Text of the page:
LeftRightLeftRightLeft, Coldplay

Posted by AJ Harbison at 4:32 pm

It took me a while, but I finally downloaded Coldplay‘s new live album a few weeks ago. It’s called LeftRightLeftRightLeft, and can be downloaded for free here (they’re also giving away free copies at their shows; according to the band, it’s a “recession-busting” thank-you to their fans).

It’s awesome, of course, since it’s Coldplay (and my love for the band is well-documented). But the dynamic of a live album is an interesting one. Of course it’s fun to hear the crowd in the background, cheering and singing along; to hear Chris Martin’s occasional comments; to hear the live version of “Death Will Never Conquer,” featuring “the singing abilities of Mr. William Champion” (their drummer). But for the most part, the rest of the songs appear very much like their counterparts on the studio albums (mainly Viva La Vida and Prospekt’s March, plus “The Hardest Part” from X&Y and “Clocks” from A Rush Of Blood To The Head). And that makes me wonder how interesting most people find the live versions. Take for example “Viva La Vida.” Apart from beginning with the chorus’ background vocals, the song is practically identical to the studio version, complete with the recorded string tracks, except for the fact that the vocals are a little less polished. I realize that this was a huge single, the title track from their last main record, their current signature song, etc., and that people would probably revolt in outrage if it was played a different way. But I, for one, would be interested to hear how the band might arrange it if they didn’t have the string tracks. Could the electric guitar take over the rhythmic harmony parts, with a keyboard doing some of the midrange riffs during the verses? Do I really want to get an album to hear a live track that could almost be a studio track with added crowd noise? (I know it’s a free download, but I’m talking about the principle here…)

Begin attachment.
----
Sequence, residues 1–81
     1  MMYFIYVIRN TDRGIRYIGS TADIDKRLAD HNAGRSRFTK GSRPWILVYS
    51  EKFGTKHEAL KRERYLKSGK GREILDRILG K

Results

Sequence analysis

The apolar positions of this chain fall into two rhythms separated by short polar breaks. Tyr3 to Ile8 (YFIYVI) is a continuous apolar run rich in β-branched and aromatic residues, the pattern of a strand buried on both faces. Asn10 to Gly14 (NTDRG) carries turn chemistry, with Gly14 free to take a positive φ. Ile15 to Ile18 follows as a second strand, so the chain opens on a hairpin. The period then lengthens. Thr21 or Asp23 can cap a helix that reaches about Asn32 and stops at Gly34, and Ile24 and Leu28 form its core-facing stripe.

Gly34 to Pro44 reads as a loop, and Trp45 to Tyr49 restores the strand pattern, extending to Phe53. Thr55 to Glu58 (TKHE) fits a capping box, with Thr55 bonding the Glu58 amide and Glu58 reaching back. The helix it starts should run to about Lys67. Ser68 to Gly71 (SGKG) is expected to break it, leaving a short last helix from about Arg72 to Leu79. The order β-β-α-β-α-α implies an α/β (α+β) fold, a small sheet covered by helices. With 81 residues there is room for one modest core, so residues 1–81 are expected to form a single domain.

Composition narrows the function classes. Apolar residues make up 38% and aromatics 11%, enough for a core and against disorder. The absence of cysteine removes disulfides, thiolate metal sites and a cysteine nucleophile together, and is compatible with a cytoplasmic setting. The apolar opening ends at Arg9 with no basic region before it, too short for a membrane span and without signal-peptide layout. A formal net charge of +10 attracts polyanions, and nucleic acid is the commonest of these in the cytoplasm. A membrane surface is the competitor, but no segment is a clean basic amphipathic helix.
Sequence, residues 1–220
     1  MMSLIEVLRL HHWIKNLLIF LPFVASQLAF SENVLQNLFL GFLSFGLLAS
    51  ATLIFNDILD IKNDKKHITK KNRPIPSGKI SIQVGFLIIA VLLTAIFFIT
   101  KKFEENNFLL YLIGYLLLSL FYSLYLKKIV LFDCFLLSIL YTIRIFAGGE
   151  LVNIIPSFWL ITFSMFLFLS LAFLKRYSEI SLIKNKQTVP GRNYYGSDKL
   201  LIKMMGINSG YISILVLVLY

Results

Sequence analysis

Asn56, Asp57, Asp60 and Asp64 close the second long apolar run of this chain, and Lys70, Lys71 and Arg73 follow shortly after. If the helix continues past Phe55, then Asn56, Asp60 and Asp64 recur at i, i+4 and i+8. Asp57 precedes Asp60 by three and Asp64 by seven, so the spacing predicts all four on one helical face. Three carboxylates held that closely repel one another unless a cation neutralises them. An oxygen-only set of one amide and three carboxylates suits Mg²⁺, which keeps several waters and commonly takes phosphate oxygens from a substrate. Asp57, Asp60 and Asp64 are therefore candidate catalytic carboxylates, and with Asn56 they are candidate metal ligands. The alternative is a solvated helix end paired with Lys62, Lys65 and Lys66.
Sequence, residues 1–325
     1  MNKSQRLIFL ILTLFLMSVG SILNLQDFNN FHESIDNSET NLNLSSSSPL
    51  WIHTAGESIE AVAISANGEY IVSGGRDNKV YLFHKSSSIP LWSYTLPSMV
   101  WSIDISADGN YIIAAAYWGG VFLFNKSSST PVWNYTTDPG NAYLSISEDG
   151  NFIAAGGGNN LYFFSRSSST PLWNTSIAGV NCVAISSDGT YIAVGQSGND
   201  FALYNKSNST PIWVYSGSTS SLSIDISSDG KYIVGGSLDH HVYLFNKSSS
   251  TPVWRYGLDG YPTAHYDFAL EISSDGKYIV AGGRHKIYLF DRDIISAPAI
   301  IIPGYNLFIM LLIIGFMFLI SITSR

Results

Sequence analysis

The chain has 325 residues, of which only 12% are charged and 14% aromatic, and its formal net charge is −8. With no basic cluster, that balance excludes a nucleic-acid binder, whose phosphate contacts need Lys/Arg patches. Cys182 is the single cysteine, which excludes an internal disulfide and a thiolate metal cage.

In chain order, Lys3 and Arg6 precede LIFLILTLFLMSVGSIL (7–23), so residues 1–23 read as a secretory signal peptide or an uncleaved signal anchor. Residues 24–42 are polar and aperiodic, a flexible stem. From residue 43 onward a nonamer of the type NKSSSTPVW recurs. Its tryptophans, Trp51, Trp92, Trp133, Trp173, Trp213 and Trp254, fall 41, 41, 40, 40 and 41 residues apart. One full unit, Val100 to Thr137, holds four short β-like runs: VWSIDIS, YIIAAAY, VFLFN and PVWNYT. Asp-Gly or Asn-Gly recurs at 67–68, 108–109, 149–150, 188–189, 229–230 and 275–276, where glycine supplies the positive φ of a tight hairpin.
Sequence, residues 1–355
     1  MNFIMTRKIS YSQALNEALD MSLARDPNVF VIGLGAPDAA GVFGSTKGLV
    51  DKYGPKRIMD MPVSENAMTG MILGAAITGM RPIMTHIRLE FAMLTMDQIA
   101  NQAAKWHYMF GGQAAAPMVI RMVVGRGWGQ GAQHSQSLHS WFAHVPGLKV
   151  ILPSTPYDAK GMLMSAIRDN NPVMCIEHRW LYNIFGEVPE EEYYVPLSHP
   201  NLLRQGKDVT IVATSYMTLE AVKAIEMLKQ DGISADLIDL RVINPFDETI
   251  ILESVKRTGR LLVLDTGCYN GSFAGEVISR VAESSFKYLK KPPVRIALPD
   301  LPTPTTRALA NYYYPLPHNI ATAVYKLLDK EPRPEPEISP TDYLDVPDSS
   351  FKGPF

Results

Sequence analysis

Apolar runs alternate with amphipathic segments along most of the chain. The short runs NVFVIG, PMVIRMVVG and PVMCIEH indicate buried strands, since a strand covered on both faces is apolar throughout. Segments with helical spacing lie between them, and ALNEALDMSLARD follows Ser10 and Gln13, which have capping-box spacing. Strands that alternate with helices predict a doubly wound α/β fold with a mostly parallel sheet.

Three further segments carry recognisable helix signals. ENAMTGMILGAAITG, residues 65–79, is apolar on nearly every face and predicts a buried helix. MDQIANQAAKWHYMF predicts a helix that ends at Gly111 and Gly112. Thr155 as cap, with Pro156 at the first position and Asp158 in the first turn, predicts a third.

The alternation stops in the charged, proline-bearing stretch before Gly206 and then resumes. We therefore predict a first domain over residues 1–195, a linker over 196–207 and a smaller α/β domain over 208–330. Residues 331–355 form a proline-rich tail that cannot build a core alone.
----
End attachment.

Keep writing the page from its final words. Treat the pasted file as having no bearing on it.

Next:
Most of the tracks fit this bill, including “Glass Of Water,” “42,” and “Clocks”–the main difference is slight differences or added flourishes in the vocals–and the tracks that are different are the ones that stand out. “Strawberry Swing,” perhaps the song I underestimated the most on Viva La Vida, is basically the same instrumentally, but Martin changes some of the lyrics slightly (and they make more of an emotional impact in their changed form). It was exciting, listening through LeftRightLeftRightLeft for the first time, to hear the different lyrics–“that wasn’t how it was on the last record!” “The Hardest Part” is also interesting–Martin performs it solo on piano, so although the melody and lyrics are basically the same, it has a different accompaniment (and is also made into a medley with the instrumental track “Postcards From Far Away”).

Of course, these thoughts haven’t kept me from listening to the album nonstop for a week or two. But it’s interesting to me that a band as musically genius as Coldplay would not only play songs live the same way they appear on the album, but also release a live record of songs as they appear on the album. What are your thoughts?

P.S. For some reason, over the past few days TLB has been absolutely deluged with spam (in the space of two or three days I’ve gotten as many spam comments as I’ve gotten legitimate comments over the entire history of the blog). In the process of vehemently deleting the spam comments, I also deleted a few legitimate comments, back to April 20th–including the first comment on the redesigned site, which was from Idhrendur. So, even though the comment itself no longer exists, I can still commemorate his great achievement here in this post. I’ve installed the Akismet plugin, which has eliminated all the spam thus far, so hopefully this won’t be a problem again. And if I deleted your comment–you should just leave another one!



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